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Christians and Public Education4 min read

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I wanted to mention a couple of books that I’ve come across, books that address the responsibility of Christian parents to educate their children rather than leaving it up to the ailing public school system.  In the preface of Excused Absence: Should Christian Kids Leave Public Schools?, Douglas Wilson and Marvin Olasky (one of my favorite Christian world view writers) make the case that we should not be institutionalizing our kids in the public school system.

Although this book is a bit polemical and short on balance, it is a decent primer on how we should view the education of our children.  I am a little disappointed that it sounds a bit like indoctrination, and does not say enough about teaching critical logic skills, but I think this book is more about WHY we should not trust the public schools to educate our kids, not about HOW to home school or private school our kids, or about how to choose curriculum.

In the introduction, the authors list a few foundational principles for Christian parents, regarding the education of their children:

  1. First, neutrality is impossible in any endeavor, much less in education.  Christ is Lord of all, including the three cornerstones of all true Christian education: truth, beauty, and goodness.
  2. Second, although government schools are build on the quicksand of pragmatism (the belief that truth is what works), government schools cannot really "work" because they ignore the context for all true education (nurture and admonition).
  3. Third, the Bible requires parents to educate their children in accordance with a biblical worldview from the time they get up until the time they go to sleep.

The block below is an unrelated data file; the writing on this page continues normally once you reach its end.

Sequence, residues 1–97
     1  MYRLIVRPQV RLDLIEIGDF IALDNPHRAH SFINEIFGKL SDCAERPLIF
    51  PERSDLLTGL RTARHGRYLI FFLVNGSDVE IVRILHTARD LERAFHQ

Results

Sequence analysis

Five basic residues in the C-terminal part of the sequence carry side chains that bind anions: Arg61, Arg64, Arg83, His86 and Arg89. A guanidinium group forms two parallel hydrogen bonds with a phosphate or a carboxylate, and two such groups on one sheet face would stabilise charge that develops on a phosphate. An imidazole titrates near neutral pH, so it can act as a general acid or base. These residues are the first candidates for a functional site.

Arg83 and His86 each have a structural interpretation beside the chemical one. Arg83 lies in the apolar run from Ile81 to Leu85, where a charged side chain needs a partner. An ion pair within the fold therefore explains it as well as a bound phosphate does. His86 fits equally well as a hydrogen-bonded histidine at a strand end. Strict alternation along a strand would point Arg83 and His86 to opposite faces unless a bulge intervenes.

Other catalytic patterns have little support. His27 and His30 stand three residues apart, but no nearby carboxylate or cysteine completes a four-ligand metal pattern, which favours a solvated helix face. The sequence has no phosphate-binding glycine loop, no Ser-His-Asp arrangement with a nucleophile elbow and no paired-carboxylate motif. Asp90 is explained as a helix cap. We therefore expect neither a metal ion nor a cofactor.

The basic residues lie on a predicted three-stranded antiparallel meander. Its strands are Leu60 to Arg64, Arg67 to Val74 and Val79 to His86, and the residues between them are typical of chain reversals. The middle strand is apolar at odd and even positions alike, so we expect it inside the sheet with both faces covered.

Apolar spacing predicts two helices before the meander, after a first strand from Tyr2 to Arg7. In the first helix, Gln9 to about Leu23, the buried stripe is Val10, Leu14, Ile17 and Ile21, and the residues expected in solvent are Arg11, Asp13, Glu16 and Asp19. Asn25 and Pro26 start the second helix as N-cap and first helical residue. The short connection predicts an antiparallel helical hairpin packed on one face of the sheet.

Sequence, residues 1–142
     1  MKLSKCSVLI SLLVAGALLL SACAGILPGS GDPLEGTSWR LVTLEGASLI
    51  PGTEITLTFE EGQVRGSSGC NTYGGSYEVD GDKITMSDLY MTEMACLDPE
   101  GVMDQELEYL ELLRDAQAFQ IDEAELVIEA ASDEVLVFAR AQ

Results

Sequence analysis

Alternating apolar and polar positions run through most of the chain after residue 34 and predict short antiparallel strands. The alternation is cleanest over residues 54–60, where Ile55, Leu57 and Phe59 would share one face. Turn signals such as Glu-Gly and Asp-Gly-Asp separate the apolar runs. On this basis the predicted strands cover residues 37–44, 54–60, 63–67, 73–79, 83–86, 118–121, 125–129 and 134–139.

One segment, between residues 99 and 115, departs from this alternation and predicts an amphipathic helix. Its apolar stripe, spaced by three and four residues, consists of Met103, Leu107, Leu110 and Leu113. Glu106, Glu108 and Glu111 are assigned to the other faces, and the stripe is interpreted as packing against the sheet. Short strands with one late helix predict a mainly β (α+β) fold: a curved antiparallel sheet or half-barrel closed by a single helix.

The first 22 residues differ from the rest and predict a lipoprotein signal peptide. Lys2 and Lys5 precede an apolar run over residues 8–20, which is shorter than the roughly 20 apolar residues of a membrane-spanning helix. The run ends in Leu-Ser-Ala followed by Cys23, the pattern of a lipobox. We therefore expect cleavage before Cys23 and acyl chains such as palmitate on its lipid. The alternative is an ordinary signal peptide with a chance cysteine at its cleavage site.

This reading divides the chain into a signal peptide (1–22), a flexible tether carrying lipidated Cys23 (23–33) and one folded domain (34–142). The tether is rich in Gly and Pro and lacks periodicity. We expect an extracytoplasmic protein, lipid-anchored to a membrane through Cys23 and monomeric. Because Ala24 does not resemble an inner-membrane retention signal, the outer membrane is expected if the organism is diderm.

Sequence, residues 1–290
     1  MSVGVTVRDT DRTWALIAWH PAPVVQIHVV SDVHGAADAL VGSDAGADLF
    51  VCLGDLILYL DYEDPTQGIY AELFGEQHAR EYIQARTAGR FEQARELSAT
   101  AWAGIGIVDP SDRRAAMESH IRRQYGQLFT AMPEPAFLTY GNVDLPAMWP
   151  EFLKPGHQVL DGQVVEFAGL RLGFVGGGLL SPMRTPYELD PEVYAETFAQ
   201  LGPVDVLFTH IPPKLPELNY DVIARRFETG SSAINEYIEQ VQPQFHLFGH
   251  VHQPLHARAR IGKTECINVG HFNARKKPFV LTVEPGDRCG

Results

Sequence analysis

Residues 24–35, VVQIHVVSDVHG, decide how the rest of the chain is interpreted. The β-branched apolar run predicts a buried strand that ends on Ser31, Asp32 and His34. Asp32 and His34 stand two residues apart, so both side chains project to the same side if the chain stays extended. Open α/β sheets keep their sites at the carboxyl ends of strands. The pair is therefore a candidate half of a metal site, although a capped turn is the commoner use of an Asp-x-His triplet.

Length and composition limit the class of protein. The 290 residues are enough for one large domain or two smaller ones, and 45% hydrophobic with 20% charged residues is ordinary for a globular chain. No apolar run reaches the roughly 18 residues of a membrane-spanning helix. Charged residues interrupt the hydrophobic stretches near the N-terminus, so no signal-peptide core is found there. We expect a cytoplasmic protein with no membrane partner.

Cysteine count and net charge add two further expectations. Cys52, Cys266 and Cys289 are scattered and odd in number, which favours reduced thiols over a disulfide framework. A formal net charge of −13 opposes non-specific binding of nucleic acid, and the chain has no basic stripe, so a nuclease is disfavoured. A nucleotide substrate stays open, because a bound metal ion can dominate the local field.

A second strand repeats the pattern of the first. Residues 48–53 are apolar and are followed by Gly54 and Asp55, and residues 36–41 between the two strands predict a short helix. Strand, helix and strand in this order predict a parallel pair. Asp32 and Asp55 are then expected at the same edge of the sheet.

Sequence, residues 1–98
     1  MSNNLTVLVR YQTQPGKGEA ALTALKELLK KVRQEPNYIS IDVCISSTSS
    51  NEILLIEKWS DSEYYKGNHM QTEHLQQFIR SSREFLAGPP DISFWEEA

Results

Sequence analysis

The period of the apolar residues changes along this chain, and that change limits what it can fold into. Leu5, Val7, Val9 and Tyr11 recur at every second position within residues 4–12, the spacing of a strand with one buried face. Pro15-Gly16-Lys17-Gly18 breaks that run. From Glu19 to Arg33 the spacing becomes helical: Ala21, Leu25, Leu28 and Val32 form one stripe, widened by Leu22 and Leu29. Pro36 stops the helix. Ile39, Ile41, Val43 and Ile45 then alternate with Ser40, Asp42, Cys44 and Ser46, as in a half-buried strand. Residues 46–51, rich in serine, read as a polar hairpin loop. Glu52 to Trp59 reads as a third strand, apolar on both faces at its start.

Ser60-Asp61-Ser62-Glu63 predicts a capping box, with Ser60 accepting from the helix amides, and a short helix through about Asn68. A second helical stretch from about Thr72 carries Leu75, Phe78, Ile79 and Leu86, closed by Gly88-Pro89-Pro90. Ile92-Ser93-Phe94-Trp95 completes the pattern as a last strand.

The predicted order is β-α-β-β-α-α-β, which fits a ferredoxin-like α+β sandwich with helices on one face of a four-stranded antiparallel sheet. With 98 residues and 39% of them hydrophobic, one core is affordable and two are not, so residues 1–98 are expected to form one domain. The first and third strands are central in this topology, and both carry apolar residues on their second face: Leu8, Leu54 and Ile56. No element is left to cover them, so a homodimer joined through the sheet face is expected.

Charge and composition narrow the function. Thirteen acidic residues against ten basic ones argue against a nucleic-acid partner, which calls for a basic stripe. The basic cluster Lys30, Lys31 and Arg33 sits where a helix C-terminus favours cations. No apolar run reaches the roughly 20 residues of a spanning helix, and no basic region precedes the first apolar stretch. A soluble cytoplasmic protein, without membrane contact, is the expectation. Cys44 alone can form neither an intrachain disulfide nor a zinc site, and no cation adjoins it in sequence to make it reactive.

4. Fourth, god calls us to train our children to love Him, not only with all their heart, soul, and strength, but also with all of their mind.
  5. Fifth, there is no such thing as a free lunch, but for too long Christian parents have believed that public education is free, when the "legal tender" paid is indeed tender – their very children (i.e. just because public education is convenient doesn’t mean it’s best for our children).
  6. Sixth, Christian parents disobey God at their peril and the peril of their children by offering them to the three false gods of all government education: pragmatism, pluralism,and relativism. 

The second interesting book is The Harsh Truth About Public Schools, which is unique in that, it is  critical of the public schools, not because they lack adequate teacher preparation or salaries, but because their very design and structure is based on a weak model, which can never produce more than mediocre results by the limitations of the design.  He argues that the public school system is really only capable of institutionalizing kids, not preparing them for individual thought and efforts.  Here’s how one reviewer put it:

[The author] argues that reform efforts are futile since the system is
structured in a way that will resist any attempts to reform any thing
other than cosmetic features.

[…] Shortt points out
that the current system was modeled after the old Prussian system,
Prussian schools considered children to be the property of the state.
The state treated them that way. They were taught to be obedient to the
state and their main purpose is to advance the interests of the state.

For this goal, real education was unnecessary and even counter to
the overall intention of public schools. The author makes a strong case
that the US public schools are designed exactly in this format.

This was only the case here in the country AFTER the adoption and
evolution of the public schools to it’s current form. Many argue that
public schools are a failure. Shortt seems to present the argument that
they are accomplishing exactly what they are designed to do: mold the
children into willing consumers of the products of big business and
obedient servants of government.

Public schools are not where I want to send my kind.  Really.  They can learn all about drugs, violence, illicit sex and profanity from the TV at home (sarcasm), and they can learn all about diversity at church and in the local community and on missions trips and field trips with friends and family.